The original The Taking of Pelham One Two Three (1974) hasn’t the credentials of Dog Day Afternoon or The French Connection but this ingenious crime caper / hostage drama is one of the great New York crime films of the 1970s.
Walter Matthau is the everyman head of the transit police who takes charge of the official response after a subway car is hijacked and the passengers held hostage in the transit tunnels by an armed gang led by soldier of fortune and heist mastermind Robert Shaw, who runs his team like a Special Forces platoon. This is era before cell phones, Wi-Fi, and the public Internet, so all communications go through Matthau, who has a direct line to the kidnappers through the subway communications system. He’s also the most level-headed official, negotiating with both the gang and the city to get the ransom money delivered before the deadline, after which the hostages will be executed one by one. With his practical experience as both a veteran detective and a longtime transit officer, he knows how things work and is the one man in a position to figure out Shaw’s endgame while everyone else responds to his demands and distractions.
The film has the precision and intricacy of a Mission: Impossible assignment and director Joseph Sargent meets the challenge with a style that connects multiple locations through phone calls, radio signals, and subway communications lines with an impressive clarity. Even the chaos is wrangled effectively. When a police sniper fires at the subway car without orders, it results in the first hostage execution. Matthau remarks that we may never find out who fired the shot, and sure enough we never do.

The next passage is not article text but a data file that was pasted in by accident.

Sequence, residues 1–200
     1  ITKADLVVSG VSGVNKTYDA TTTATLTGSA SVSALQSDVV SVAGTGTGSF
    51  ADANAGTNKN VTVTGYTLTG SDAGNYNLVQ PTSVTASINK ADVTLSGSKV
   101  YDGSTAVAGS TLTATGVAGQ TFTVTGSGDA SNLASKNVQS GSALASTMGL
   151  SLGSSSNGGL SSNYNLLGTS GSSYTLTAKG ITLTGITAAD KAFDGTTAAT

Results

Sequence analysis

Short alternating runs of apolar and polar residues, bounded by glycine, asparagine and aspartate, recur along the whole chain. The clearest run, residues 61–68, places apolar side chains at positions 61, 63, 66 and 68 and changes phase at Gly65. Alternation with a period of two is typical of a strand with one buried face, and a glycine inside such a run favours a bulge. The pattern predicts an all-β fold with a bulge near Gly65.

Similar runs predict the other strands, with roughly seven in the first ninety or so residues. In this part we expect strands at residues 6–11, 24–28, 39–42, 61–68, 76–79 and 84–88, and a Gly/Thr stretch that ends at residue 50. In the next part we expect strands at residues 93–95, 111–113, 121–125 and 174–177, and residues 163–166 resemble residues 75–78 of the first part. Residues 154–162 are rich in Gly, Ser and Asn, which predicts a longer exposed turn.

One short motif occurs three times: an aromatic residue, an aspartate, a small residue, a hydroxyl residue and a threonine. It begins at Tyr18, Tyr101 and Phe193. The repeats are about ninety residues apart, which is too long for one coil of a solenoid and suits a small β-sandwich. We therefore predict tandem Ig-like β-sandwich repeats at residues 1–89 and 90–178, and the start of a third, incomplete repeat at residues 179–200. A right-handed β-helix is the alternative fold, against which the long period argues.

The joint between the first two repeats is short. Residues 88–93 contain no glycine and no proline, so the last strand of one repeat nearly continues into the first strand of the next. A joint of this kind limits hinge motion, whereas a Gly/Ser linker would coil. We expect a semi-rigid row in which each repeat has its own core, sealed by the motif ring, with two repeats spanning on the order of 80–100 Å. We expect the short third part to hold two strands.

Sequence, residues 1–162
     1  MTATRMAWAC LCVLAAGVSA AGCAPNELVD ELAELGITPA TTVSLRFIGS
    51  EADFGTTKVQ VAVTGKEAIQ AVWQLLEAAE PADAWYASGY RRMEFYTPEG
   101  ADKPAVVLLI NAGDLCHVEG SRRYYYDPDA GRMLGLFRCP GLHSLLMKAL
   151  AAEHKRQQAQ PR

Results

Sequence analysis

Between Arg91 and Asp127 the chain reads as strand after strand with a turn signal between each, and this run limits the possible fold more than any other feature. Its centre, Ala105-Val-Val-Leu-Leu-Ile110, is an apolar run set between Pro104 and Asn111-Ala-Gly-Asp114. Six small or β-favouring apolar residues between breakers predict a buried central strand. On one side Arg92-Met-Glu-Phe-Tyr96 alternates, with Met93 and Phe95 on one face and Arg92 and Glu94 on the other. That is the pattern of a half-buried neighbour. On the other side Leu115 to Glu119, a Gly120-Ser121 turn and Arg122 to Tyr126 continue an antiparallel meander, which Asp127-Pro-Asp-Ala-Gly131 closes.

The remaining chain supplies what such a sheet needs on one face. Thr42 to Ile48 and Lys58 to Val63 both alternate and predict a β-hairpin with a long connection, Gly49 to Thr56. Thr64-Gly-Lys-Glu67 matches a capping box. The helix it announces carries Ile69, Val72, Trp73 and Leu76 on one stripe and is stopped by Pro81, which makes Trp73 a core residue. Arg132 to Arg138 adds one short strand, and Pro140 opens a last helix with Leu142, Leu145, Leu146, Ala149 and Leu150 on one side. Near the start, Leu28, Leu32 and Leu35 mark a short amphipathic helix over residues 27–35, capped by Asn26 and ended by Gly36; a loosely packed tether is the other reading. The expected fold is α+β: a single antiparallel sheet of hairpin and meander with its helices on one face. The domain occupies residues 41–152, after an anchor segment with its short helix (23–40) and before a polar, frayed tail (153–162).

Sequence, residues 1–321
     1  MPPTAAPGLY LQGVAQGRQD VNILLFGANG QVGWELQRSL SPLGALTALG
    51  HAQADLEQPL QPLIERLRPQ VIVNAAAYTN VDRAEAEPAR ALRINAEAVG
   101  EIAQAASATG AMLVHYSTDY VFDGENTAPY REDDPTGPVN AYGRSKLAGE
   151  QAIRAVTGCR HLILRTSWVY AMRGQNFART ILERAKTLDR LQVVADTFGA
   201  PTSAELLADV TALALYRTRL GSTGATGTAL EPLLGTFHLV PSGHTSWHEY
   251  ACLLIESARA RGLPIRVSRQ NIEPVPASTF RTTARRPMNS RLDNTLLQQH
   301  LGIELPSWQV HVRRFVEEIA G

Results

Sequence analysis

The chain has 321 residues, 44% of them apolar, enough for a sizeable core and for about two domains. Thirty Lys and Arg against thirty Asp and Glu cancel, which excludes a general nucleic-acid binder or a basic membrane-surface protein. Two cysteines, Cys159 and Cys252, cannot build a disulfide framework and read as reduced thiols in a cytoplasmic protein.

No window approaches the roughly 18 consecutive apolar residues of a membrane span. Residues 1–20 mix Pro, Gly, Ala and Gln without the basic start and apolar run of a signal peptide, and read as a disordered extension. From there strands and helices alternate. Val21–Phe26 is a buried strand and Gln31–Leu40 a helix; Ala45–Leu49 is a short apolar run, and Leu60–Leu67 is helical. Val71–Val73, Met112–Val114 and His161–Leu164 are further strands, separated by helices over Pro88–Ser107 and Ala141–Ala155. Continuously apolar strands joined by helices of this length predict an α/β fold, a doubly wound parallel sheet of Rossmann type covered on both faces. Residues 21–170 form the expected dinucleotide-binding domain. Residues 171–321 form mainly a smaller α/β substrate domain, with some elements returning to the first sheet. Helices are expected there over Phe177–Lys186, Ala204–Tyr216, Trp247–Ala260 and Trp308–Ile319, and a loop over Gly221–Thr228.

Just as important, Sargent makes New York City a character in its own right in his use of location shooting, street crowds, and a diverse cast. While the lead roles are all played by white actors, the cast (including the hostages) is filled with black, Puerto Rican, and Jewish actors and characters that both embrace and challenge stereotypes. This is a precision ransom thriller in the simmering melting pot New York City and the volatile nature of the city adds atmosphere and character to the film.
Martin Balsam and Hector Elizondo co-star as members of the gang, Jerry Stiller and Doris Roberts have small but distinctive roles, and the imposing Julius Harris (of Live and Let Die and a number of seventies blaxploitation films) is a police inspector.
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The Taking of Pelham One Two Three [DVD]
Taking of Pelham One Two Three (42nd Anniversary Special Edition) [Blu-ray]
The Blu-ray is remastered for its “42nd Anniversary” (someone has a sense of humor) and features commentary by actor/filmmaker Pat Healy and film programmer/historian Jim Healy, new interviews with co-star Hector Elizondo, composer David Shire, and editor Jerry Greenberg, the “Trailers From Hell” short featuring Josh Olson, and an animated montage of stills and posters, plus the trailer.